Ego is merely a self defence mechanism to protect your emotional well being. All it does is reinstate the fact that YOU exist, you are unique and you are right. It therefore drives you to compete, to put yourself out there in that chaotic world, where everyone else is also learning to co-exist.

Beware that some people are more egoistic than others. Naturally, they are therefore more competitive. Extreme ego leads to narcissism – one of the traits of overly competitive.

So, how do you know if you are an overly competitive person?

So one thing I’ve learned is that there is nothing wrong in being competitive.
Competition gives you a nudge to be your best self.
Being overly competitive though is problematic.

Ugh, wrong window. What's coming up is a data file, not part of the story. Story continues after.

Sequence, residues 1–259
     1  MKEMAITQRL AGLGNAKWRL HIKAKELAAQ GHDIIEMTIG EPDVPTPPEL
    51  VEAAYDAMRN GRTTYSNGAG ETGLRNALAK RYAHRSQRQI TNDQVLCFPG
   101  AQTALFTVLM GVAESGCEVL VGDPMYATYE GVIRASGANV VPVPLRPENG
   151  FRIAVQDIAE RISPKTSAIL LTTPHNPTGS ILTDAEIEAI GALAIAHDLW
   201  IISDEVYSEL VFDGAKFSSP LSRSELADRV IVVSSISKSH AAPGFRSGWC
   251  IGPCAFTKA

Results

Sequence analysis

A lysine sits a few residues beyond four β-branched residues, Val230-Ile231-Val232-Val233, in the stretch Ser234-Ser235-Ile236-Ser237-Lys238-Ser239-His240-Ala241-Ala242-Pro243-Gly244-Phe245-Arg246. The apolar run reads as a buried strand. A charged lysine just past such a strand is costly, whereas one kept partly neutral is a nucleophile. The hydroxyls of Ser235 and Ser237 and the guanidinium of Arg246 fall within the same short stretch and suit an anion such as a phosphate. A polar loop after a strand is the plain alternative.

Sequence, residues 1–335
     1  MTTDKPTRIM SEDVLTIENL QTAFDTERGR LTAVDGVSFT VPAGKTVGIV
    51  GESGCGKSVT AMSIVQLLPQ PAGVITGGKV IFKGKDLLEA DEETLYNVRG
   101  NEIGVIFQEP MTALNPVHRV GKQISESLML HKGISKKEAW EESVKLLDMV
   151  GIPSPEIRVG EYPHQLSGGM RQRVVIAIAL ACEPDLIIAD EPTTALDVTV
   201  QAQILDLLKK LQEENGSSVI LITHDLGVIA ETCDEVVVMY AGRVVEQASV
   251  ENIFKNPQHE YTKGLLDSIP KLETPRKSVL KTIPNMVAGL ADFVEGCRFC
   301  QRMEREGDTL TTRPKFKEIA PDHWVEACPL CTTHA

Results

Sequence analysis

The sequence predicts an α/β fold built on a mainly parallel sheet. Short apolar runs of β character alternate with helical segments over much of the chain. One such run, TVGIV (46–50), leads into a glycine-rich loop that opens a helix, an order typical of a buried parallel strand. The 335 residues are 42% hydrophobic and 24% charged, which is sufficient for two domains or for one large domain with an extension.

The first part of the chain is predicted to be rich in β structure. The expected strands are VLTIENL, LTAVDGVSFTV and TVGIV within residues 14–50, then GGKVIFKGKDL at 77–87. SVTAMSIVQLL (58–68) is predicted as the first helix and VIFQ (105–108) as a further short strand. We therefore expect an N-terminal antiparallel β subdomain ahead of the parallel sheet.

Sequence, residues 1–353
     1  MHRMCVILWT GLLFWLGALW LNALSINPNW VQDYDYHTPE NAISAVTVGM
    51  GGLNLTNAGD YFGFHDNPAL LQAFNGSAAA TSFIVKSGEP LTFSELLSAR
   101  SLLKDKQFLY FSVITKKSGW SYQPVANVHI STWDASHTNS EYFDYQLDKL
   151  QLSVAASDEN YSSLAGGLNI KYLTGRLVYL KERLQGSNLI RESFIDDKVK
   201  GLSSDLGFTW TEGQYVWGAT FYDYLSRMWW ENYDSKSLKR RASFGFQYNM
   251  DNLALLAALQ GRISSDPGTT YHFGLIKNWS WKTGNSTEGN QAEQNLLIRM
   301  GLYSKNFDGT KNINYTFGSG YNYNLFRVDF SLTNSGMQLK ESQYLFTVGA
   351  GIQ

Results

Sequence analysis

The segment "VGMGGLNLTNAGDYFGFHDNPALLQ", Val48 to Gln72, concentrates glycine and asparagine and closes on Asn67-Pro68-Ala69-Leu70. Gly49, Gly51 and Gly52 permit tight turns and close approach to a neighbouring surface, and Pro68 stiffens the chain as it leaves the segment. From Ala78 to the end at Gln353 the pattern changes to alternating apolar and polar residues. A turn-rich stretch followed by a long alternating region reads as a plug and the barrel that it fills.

It affects YOU (without you realising it) and those around you (without you acknowledging it).

Ask yourself three questions.
1. Are you constantly thinking about getting ahead of someone?
2. You don’t worry how others feel about your chase?
3. Do you feel stressed emotionally and maybe physically?

If the answer to any of the above is yes, then you my mate are overly competitive. You are far from knowing your true purpose and cutting the chase is necessary.

Are you a sufferer making those around you suffer? (Irony, that is).

What would it take for you to realise this?

Guest Post: Jon Risdon

I am very pleased to present a guest post from my blogging friend, Jon Risdon. He is an actor, author, and blogger who resides near the lovely seaside town of Whitby, in north-east England.

Why Wilfred Books?